A Naval Corps of Anti-Aircraft Volunteers was established to man anti-aircraft guns, with recruitment starting on 9 October. However, there were so few guns that only London, Dover and Sheffield could be defended at first. The dockyards were so busy that it was decided that their lights would be put out only when a raid had been detected.

Guns and searchlights were deployed in ports as more became available, but the RN did not have enough men to man them. A conference on 16 October 1914 therefore decided that the army would responsible for the aerial as well as the land defence of defended ports, with the help of the aircraft of the Royal Naval Air Service. Once enemy aircraft or airships had crossed the coast it was up to the Admiralty to destroy them. The aircraft of the army’s Royal Flying Corps would be principally responsible for aiding the army in fighting an enemy invasion, but when available would help the RNAS in combating air raids. [3]

The first German air raids were carried out by aircraft. One dropped two bombs into the sea off Dover on 21 December. Three days later another dropped the first aerial bomb to land on British soil, also on Dover. The only damage was broken glass. Another aircraft appeared the next day. It was attacked by British anti-aircraft guns and pursued by three aircraft, but it ecaped.[4]

The German navy had discussed using its airships to attack the UK in September 1914, but had decided that it did not then have enough Zeppelin airships to do so whilst carrying out the more important task of fleet reconnaissance. By 7 January 1915 it had 12 airships, and Admiral Friedrich von Ingenohl, the Commander-in-Chief of the High Seas Fleet, decided that four could be used to bomb the UK. The long nights of January and February were thought to be particularly suitable for airship raids. There was also a desire to act before the British repeated their raid on the airship sheds.[5]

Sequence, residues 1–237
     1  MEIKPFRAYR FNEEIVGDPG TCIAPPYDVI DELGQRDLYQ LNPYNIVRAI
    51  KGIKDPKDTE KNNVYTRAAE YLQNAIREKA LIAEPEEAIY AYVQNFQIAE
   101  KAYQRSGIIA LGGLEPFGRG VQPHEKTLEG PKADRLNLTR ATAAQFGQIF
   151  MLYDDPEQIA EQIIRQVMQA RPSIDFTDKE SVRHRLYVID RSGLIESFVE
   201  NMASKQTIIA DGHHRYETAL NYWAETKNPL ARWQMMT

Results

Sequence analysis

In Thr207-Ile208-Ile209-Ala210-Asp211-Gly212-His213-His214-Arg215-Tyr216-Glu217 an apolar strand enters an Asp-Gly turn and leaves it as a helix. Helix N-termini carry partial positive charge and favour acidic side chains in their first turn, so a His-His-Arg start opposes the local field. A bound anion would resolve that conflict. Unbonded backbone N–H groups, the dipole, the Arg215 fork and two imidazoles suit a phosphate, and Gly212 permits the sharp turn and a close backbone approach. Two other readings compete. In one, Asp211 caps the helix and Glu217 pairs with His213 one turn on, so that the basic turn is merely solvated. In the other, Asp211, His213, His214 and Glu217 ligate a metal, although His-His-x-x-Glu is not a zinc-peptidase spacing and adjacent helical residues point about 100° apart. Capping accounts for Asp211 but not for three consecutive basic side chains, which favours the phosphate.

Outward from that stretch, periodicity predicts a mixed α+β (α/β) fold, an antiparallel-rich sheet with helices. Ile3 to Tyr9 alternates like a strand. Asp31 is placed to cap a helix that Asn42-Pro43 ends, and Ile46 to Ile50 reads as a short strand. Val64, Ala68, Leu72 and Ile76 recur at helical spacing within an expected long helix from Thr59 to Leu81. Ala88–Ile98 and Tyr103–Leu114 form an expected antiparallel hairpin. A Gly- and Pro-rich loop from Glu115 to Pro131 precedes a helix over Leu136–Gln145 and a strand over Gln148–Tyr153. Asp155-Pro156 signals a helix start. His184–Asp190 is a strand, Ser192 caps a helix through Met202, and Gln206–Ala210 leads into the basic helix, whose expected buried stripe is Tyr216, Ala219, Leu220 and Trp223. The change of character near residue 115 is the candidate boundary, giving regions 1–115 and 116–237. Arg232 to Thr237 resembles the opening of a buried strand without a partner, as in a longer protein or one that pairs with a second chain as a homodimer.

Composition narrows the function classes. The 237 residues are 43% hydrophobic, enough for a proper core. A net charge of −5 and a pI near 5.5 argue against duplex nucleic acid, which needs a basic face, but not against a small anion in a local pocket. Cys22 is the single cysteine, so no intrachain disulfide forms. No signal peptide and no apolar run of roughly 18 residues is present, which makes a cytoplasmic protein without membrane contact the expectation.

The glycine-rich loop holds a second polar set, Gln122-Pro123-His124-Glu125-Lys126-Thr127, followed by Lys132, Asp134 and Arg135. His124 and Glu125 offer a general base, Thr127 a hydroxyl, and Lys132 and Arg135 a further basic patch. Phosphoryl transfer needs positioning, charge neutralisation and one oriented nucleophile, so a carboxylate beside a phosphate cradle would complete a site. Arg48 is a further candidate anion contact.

The intention was to attack military targets, with damage to historical buildings and private property being limited as far as possible. The German Admiralty thought that London was a military target, but Kaiser Wilhelm ordered that:

‘London itself not to be bombed at present; attacks are to be confined to dockyards, arsenal, docks (those near London also), and military establishments of a general nature, also Aldershot Camp, if there are no German prisoners there.’[6]

The first date on which the weather was suitable was 19 January. Three Zeppelins set off between 9:00 am and 11:00 am. L6 (Oberleutnant Freiherr von Buttlar) had to turn back because of engine problems, but L3 (Kapitänleutnant Hans Fritz) and L4 (Kapitänleutnant Graf von Platen) arrived over the east coast of England at 8:00 pm.

Their target was Great Yarmouth. The authors of the British Naval Staff Memorandum note that it ‘seemed to exercise a curious fascination over the minds of those planning raids in Germany…in preference to more valuable objectives.’[7] It had been the target of a raid by surface ships on 3 November 1914. It was a defended port, so was a military target, but not an important one, so was most likely chosen for geographical rather than military reasons.

L3 crossed the coast at Winterton and turned south towards Yarmouth. Fritz reported being fired upon by anti-aircraft guns on the north side of the town, and dropped six 110 pound explosive and seven incendiary bombs from 4,900 feet. He then headed home, crossing the English coast at 8:27 pm and reaching Fühlsbüttel at 9:00 am on 20 January.